It is estimated that 1 in 5,5K patients across the United States will leave the operating room with a retained surgical object in their body, capable of inflicting severe physical damage.
In healthcare, a retained surgical instrument is considered a never event, a term used to describe medical errors that are very serious but preventable. Never event is a term describing cases that involve:
- Retained surgical objects
- Surgery performed on the wrong person
- Surgery on the wrong body part
What Does Retained Surgical Instrument Mean?
Retained surgical instruments (RSI) in a patient after a surgical procedure refer to medical supplies accidentally left inside a patient's body after surgery. These medical errors often result in severe and potentially life-threatening infections for patients and can seriously implicate the healthcare professionals and medical care providers involved.
RSIs were not designed to be left in the body and may be utilized during a surgical procedure. Examples of retained foreign bodies inside a patient include:
- Knife blades
- Safety pins
- Broken scalpel tips
- Suction tips and tubes
- Penrose drains
- Surgical masks and gloves
- Measuring devices
Many other devices may be inadvertently left in a patient's body. Over two-thirds of the retained surgical objects cases involve surgical sponges, while reports of retained needles and instruments are infrequent.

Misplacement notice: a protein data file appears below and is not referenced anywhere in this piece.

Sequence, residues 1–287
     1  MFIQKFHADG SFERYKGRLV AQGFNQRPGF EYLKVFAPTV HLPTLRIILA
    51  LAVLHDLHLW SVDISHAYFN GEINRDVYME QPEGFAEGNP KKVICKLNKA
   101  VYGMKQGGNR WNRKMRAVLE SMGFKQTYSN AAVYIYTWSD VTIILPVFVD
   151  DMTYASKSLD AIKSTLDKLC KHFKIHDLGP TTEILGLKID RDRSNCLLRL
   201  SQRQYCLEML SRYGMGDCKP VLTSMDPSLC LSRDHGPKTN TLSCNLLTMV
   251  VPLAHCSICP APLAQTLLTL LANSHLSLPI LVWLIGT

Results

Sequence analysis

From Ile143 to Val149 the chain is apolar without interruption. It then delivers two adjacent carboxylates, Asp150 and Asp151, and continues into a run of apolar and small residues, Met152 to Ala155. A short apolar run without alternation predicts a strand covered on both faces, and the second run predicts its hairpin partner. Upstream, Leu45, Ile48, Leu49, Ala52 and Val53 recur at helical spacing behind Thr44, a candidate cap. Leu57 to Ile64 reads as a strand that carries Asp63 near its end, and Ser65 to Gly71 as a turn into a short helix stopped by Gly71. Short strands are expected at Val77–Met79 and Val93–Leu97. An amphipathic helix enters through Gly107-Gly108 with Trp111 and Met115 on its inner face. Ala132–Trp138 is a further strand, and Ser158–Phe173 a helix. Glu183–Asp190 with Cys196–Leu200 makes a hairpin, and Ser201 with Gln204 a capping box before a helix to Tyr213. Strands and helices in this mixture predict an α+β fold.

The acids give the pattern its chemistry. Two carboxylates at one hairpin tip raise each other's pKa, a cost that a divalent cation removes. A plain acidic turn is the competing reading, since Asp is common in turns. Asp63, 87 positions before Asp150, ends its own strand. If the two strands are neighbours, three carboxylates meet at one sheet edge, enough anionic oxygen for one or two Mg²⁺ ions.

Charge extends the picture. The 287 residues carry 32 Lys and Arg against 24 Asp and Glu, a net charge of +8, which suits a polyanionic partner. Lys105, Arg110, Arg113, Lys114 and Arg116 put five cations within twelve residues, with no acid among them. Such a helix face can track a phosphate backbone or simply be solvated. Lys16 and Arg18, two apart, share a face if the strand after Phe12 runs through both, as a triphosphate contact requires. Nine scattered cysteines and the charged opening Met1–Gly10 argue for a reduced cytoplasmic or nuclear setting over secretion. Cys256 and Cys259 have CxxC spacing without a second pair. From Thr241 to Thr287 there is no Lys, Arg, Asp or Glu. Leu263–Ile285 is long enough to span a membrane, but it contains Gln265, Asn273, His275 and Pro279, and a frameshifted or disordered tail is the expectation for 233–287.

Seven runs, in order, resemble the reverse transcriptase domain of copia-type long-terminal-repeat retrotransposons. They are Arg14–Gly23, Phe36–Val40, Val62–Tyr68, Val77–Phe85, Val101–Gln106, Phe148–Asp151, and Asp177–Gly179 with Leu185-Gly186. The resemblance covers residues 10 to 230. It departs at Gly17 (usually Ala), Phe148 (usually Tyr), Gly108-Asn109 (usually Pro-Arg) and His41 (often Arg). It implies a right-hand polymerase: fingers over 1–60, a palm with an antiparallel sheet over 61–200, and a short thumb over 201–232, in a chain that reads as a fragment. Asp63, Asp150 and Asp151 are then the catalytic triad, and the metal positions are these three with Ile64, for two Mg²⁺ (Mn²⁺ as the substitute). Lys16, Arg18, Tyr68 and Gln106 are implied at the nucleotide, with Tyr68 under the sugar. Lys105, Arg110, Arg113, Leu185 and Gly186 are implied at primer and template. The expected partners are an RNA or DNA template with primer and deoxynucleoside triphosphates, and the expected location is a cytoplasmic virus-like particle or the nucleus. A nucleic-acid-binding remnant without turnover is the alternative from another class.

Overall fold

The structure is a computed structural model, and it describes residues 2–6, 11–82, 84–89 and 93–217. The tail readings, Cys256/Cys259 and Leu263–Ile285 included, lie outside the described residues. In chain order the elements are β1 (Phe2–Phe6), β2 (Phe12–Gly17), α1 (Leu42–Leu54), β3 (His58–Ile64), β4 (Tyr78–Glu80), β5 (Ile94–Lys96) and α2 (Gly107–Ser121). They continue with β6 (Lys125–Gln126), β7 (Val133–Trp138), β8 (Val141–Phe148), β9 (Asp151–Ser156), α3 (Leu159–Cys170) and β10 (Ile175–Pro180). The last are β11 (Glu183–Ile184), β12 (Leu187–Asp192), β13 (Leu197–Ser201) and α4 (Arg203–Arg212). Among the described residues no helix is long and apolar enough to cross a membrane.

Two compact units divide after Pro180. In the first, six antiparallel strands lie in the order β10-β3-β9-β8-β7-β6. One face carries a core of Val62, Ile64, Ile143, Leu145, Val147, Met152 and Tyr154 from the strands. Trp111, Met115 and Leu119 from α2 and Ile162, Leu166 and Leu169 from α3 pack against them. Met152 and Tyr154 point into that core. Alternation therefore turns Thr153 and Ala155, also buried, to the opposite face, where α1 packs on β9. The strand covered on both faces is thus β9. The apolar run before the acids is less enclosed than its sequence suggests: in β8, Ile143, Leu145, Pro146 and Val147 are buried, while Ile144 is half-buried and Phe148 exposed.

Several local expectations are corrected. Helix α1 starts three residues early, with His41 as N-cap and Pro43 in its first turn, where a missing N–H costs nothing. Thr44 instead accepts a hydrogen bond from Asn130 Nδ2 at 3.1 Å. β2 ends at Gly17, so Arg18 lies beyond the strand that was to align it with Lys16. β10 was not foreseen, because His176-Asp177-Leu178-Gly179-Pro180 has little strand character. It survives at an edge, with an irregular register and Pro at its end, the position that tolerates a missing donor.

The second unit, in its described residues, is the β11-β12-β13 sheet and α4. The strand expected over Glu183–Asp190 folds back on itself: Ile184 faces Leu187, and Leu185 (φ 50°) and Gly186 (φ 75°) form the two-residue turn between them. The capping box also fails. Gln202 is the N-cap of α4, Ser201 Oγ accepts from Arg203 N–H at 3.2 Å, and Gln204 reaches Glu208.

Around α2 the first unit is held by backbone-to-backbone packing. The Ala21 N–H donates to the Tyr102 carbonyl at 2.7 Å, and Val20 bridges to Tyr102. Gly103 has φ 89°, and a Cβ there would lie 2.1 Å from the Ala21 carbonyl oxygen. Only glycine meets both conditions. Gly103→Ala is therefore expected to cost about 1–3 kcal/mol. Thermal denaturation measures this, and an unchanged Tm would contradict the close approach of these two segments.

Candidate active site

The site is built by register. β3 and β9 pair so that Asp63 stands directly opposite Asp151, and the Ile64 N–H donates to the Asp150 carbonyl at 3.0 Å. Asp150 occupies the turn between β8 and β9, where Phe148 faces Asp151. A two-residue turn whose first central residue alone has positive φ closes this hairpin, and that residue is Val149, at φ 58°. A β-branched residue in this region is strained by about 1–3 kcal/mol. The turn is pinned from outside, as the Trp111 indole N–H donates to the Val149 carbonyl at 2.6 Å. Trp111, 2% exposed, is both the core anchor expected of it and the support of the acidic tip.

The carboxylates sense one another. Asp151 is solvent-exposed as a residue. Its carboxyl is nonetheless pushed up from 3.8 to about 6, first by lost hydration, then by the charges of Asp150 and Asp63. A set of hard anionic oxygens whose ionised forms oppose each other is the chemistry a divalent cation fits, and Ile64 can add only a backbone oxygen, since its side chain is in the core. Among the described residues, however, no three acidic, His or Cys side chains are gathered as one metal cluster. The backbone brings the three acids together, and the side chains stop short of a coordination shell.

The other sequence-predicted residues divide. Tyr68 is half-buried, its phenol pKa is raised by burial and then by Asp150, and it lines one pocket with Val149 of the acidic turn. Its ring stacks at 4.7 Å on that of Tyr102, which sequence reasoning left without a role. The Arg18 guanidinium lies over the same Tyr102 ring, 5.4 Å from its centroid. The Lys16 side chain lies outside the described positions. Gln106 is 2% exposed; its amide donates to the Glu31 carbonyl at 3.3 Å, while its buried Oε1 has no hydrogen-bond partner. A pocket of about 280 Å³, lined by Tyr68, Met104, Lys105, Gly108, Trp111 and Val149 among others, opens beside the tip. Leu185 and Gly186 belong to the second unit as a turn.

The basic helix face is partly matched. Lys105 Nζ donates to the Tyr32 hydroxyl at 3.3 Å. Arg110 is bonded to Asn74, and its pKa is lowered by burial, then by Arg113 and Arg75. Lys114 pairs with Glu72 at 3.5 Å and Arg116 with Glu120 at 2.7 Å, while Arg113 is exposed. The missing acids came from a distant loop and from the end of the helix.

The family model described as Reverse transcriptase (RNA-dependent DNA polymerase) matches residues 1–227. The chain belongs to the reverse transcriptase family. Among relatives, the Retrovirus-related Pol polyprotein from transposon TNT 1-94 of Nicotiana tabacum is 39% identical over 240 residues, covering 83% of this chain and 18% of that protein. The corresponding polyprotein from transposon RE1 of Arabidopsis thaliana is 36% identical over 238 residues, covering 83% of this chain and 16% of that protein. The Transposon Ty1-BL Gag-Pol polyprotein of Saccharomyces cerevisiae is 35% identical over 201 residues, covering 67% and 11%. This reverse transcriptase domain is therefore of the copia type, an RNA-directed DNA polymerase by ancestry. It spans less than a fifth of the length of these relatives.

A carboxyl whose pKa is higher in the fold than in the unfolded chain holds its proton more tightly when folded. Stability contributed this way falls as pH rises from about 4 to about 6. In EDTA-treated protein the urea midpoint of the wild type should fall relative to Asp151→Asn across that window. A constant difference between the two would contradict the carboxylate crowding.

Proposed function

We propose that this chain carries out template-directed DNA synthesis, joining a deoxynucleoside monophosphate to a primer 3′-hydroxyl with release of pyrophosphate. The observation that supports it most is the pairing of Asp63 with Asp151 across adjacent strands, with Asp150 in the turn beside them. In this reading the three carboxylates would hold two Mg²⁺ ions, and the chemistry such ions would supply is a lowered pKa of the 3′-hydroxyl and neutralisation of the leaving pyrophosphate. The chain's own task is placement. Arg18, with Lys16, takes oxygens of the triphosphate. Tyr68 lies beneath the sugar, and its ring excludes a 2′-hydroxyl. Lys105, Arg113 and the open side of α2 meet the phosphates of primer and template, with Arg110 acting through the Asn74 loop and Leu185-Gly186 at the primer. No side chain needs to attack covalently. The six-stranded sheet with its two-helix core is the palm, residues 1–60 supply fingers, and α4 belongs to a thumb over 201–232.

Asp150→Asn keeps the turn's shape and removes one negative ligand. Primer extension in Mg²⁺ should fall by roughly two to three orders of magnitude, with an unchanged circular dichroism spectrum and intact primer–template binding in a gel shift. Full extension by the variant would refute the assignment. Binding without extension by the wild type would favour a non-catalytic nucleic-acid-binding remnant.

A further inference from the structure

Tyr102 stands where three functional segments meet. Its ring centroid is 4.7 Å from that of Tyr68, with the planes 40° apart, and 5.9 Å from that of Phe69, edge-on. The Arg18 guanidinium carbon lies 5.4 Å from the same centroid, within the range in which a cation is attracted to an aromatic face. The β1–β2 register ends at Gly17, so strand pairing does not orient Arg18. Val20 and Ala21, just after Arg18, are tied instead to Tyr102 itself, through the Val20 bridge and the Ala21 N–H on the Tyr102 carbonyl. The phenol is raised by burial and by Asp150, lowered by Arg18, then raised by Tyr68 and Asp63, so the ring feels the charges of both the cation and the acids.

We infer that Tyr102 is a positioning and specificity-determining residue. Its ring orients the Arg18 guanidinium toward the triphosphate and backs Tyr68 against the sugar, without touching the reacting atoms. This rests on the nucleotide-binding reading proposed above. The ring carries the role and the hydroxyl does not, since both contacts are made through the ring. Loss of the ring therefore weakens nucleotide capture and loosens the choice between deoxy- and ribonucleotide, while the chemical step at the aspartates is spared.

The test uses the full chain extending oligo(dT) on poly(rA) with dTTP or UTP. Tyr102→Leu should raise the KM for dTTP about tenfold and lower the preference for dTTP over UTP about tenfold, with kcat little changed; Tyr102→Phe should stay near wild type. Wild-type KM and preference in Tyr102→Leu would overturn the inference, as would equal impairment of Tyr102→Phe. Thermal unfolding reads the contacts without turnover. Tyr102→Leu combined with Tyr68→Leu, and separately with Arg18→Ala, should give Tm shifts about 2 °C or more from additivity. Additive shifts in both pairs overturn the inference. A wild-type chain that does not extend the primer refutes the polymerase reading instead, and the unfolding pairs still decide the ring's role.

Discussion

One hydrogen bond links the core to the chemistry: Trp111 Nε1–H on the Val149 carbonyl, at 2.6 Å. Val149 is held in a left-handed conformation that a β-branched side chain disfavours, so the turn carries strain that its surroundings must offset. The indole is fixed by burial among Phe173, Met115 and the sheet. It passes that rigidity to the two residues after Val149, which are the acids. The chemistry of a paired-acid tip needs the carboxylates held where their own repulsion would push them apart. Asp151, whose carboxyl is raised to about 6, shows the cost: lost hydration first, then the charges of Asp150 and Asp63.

Retained surgical objects represent a life-threatening medical emergency. Some of the warning signs that indicate you may be suffering from complications include:
- High fever (over 101 degrees)
- Streaks or discoloration around the incision area
- Blood or other oozing fluids
- Warmth or swelling around the incision area
- Opening stitches
- Difficulties urinating or breathing
- Progressive pain and fatigue
- Stool consistency or color changes
- Numbness or tingling in hands or feet
Retained surgical item cases are problematic because patients often don't know anything is wrong until the body reacts to the item through the pain. At the point when the pain is severe, and this can take years, the item has become infected, and the patient will likely need emergency surgery.
Consider the following examples:
- A man has a surgical sponge left in his abdomen after a cesarean section. His stomach swells, his bowels shut down, and he requires emergency surgery to untangle the infected sponge from his small intestine.
- A woman goes to the hospital complaining of severe abdominal pain and unexplained weight loss. The cause is a sponge from a surgery that was performed the previous year. She ends up needing surgery to remove part of her intestine and has to spend weeks in a medically induced coma.
- After surgery performed on her to remove cancerous tissue from the rectum and colon, a woman experiences complications. It was later discovered that a surgical sponge was left inside her abdominal cavity for several weeks. Due to complications from the infected sponge, she is disqualified from further cancer treatment. One year later, she passed away.